The compounds in that table are all strong electrolytes. Even the insoluble ones are strong electrolytes not in the sense that they yield lots of ions but rather in the more technical sense that any of the molecules which dissolve will ionize completely in water. So we should really write these species as aqueous ions (e.g., Na+(aq) + NO3-(aq) not NaNO3(aq)) unless they are insoluble; then we'll write them as molecular species (e.g., Ca3(PO3)2(s) not 3 Ca2+(aq) + 2 PO33-(aq))

The usual kind of problem tackled here is a metathetical reaction (double exchange) one product of which exits the solution as a precipitate. An example might be the dissolution of lead(II) acetate and barium chloride in water. They're both soluble and strong electrolytes, so in solutions by themselves they'd be Pb2+ + 2 (C2H5O2)- and Ba2+ + 2 Cl-. Note that one mole of either compound makes 3 moles of ions. Also note I've left the "(aq)" off the ions...too little room.

However, if they're in the same solution, lead(II) chloride will be insoluble and precipitate out:

Pb2+ + 2(C2H5O2)- + Ba2+ + 2Cl-  arrow right PbCl2(s) + Ba2+ + 2(C2H5O2)-

But the "spectator ions," Ba2+ and (C2H5O2)- are just along for the ride. Although Ba2+ certainly can be precipitated, it can't be precipitated by either chloride or acetate ions. Common practice is to write instead the net ionic equation which ignores spectators like:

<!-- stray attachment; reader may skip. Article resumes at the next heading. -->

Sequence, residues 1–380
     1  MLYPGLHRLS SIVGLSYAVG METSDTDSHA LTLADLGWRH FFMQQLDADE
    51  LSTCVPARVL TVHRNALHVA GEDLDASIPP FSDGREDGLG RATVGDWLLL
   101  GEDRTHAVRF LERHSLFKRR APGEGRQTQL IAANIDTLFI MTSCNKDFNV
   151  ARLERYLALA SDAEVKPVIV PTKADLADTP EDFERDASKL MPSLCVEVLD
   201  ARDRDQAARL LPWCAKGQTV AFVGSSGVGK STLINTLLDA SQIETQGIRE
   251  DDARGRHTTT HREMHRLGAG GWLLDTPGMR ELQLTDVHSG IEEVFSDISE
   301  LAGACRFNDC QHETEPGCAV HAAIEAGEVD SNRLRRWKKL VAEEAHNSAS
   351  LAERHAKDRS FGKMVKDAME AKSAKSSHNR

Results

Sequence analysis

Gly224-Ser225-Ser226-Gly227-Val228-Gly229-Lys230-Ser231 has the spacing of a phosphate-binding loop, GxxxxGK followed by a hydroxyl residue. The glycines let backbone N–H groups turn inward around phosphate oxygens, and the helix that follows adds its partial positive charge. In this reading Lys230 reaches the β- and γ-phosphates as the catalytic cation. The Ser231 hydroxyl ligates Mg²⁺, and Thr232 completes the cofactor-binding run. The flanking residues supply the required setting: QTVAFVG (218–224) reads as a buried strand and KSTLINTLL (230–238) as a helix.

Pb2+(aq) + 2 Cl-(aq)  arrow right PbCl2(s)

It not only saves space (enough to include the aq!), it focusses on what's really happening.

Now it is certainly possible to rig up such a metathetical reaction where the ions change partners and both precipitate! But it's rare. An example would be adding barium sulfide to tin(IV) sulfate:

2Ba2+ + 2S2- + Sn4+ + 2SO42-  arrow right 2BaSO4(s) + SnS2(s)


While it's certainly true that some gases are very soluble in water (HCl springs to mind), it's also true that it's easy to discourage such solubility and evacuate the dissolved gas, if necessary, just by heating up the solution. Would you want to open a hot soft drink can without a raincoat?